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Peter MAXWELL DAVIES (b. 1934)
March: The Pole Star (1982) [3:44]
Litany for a Ruined Chapel between Sheep and Shore (1999) [10:33]
Sea Eagle (1982) [8:32]
Tallis: Four Voluntaries (1982) [7:29]
Fanfare for Lowry (2000) [3:53]
Brass Quintet (1981) [34:42]
The Wallace Collection
rec. 20-25 January 2001, St Marylebone Church except Litany, rec. 3 September 1999, Dukes Hall, Royal Academy of Music, London.

Veteran ensemble of numerous fine recordings on a variety of labels, The Wallace Collection is still going strong, with new generations of players included in its educational activities, and a serious platform of publications and projects seeing it “reborn for the 21st century.” This release never appeared after being recorded way back in 2001, but it has the added kudos of having been ‘recorded in the presence of the composer’.

Peter Maxwell Davies has a long and distinguished career in which few if any instruments of the orchestra have failed to receive attention at one time or another, but brass instruments have played a significant part in his output over the years. Compact in duration but full of intriguing material and compositional techniques the March: The Pole Star is the perfect overture for this programme, the title taken from that of the Northern Lighthouse Board ship stationed in Orkney. John Wallace performs the solo written for him, Litany for a Ruined Chapel between Sheep and Shore, a piece Davies imagined being performed in a ruin close to his Orkney home, “open to the skies, in the vast stillness of that haunted land and seascape.” This is indeed an atmospheric work, especially in the mood of its central Lento, and the rather distant recording lends itself to its concept whether deliberately or not.

The horn solo Sea Eagle might be seen as a partner work in its Orkney-based vision of the great bird in flight. Well disguised plainsong themes are used as a starting point, but with some stunning virtuoso moments this is also a solo sonata with dramatic breadth of range and scope of colour and rhythmic variety. This recording also sounds as if it was made from the balcony of the hall rather than at close and more detail-capturing quarters, but it still has a fine effect and a terrific impact at its most dramatic.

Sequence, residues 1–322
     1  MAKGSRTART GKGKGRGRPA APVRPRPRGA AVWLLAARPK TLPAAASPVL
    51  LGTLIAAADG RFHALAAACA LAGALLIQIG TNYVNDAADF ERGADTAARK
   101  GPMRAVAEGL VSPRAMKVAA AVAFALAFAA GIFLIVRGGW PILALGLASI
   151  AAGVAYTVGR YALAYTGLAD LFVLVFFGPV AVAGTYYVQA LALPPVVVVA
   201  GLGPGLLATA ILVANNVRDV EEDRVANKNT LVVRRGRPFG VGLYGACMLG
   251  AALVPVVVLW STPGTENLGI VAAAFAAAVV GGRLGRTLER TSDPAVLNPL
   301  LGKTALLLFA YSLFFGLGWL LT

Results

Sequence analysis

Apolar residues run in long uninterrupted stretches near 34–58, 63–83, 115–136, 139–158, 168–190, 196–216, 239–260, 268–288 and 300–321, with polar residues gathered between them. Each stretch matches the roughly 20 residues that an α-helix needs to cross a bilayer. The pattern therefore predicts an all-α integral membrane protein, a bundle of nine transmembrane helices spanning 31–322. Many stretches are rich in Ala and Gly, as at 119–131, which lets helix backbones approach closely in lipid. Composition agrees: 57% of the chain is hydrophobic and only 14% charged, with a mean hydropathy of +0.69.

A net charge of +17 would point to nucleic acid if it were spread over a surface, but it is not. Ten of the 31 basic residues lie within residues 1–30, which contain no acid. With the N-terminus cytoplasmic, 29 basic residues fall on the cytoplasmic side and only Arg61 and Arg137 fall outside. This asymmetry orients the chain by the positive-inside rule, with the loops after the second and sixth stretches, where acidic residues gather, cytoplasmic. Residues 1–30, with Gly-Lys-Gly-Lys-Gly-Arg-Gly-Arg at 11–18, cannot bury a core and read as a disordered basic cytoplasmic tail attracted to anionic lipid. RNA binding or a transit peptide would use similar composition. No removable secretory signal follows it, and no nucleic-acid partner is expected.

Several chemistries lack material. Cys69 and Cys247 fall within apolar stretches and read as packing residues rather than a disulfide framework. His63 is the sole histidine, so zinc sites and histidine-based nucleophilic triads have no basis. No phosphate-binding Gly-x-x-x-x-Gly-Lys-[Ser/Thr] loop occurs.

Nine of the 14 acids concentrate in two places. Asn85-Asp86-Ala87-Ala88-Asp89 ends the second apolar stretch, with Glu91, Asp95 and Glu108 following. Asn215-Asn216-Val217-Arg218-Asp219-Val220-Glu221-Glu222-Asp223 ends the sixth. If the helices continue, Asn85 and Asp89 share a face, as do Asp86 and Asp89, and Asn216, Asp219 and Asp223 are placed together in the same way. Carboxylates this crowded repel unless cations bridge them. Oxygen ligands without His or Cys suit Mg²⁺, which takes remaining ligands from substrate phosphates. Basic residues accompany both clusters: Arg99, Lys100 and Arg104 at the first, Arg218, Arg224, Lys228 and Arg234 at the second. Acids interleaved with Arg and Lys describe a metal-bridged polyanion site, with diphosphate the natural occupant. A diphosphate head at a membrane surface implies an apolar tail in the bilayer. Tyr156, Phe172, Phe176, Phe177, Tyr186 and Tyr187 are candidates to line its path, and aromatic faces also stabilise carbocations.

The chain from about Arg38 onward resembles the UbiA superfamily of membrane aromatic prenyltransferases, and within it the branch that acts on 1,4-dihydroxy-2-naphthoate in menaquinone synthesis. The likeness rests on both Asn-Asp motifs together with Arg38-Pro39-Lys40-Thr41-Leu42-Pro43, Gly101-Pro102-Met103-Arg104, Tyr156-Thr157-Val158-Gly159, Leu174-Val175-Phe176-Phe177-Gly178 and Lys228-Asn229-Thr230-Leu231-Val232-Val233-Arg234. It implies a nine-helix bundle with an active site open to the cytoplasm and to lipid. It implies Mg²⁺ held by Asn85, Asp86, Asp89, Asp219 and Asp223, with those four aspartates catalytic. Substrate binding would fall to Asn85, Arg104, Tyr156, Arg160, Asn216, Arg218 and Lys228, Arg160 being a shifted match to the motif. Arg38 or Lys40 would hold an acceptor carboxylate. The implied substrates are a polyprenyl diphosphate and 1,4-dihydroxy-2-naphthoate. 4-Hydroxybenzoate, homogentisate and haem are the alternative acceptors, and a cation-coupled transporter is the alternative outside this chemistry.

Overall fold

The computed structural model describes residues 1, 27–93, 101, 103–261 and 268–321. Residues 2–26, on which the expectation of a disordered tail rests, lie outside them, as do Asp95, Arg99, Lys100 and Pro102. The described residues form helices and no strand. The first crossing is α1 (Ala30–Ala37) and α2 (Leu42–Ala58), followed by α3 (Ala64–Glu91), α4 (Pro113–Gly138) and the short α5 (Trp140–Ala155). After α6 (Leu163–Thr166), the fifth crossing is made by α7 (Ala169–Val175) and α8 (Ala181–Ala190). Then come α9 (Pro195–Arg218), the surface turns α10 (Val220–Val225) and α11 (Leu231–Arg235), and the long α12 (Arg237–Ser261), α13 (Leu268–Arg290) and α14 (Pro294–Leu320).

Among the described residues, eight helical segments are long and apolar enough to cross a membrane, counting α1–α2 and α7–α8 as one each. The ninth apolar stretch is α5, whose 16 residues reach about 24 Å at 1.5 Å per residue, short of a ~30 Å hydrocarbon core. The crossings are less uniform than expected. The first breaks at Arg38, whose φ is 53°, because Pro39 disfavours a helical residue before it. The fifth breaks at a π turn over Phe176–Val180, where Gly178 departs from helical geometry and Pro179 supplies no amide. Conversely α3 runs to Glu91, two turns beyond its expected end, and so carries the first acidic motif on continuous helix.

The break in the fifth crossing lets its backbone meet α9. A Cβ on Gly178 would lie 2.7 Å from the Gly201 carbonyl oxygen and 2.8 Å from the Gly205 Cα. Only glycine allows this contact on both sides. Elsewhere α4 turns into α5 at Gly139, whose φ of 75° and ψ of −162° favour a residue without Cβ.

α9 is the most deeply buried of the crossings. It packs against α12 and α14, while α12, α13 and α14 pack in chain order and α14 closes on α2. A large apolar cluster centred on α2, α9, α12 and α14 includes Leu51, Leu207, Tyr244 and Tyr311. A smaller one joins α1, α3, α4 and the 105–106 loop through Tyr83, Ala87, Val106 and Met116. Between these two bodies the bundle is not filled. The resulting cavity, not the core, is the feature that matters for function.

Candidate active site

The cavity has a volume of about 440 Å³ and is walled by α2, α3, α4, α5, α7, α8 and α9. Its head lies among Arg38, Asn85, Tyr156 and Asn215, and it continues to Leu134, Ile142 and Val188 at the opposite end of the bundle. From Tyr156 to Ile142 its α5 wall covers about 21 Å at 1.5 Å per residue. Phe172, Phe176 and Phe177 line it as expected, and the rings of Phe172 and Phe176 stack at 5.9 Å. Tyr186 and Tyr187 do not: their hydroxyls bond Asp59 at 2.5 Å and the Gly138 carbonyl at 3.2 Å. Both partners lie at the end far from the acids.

Competition for these solos can be found in more immediate sounding recordings on recital discs such as that of remarkable trumpet player Mark O’Keeffe’s on Delphian DCD34049, or horn player Dave Lee’s eclectic programme on Nimbus NI 6151. There’s also Etienne Cutajar on the Divine Art label (review), but as with all of the works here there are few enough comparisons to be had, and the performances on this CD are fine, if a little oddly balanced.

The remainder of the works here all appear as première recordings. Four Voluntaries turns to the Tudor polyphony of Tallis, with its scrunchy meeting of medieval modality and major/minor tonal relationships. These pieces open with quotes from medieval hymn tunes and the work of Tallis, but develop and explore the idiom into music that sounds written for brass rather than for the human voice. Fanfare for Lowry for two trumpets is more closely identifiable as by Davies, though its often yearning dissonances marry well with the Tallis heard previously. It is always surprising how much musical interest can be derived from the sparing nature of a two-part composition, but the richness of Davies’s invention is nicely on show here.

The final and most substantial work here is the Brass Quintet from 1981, and the initiator of the “spray of pieces that came in the wake of that major effort” heard previously in this programme. As Davies has said, all of this work’s musical foundations or ‘seeds’ can be found in its slow music, the opening Adagio with its enigmatic intervals and secretive trills opening translucent doors on its inner world, the light shining through which inform and permeate its content. To quote Davies, it provides “a work of real chamber music, in so far as the players are involved in the intimate kind of music-making associated with a string quartet.” Conversations, solos and other little exchanges often create an animated impression, while the sense of something monumental being built is kept for the slow polyphony and variation forms of the extended central Adagio flessibile. The final Allegro vivace starts with something of ‘the rondo character proper to a finale’, but this is by no means an easy release. Remote sounding tonalities and an atmosphere of unwelcoming landscapes, even where the music is at its most energetic, collectively maintain a character of beautiful aloofness. At no point are we riding home with the promise of a warm fire in front of which we can warm our extremities, but the journey is one which sends our minds on a significant inner search.

This is an impressively performed programme of some of the best music for brass the late 20th century has to offer. These are pieces which invite exploration, revealing their secrets at their own pace but also delivering spaces in which the listener’s own reflections play a large role.

Dominy Clements
Previous review: Stephen Barber



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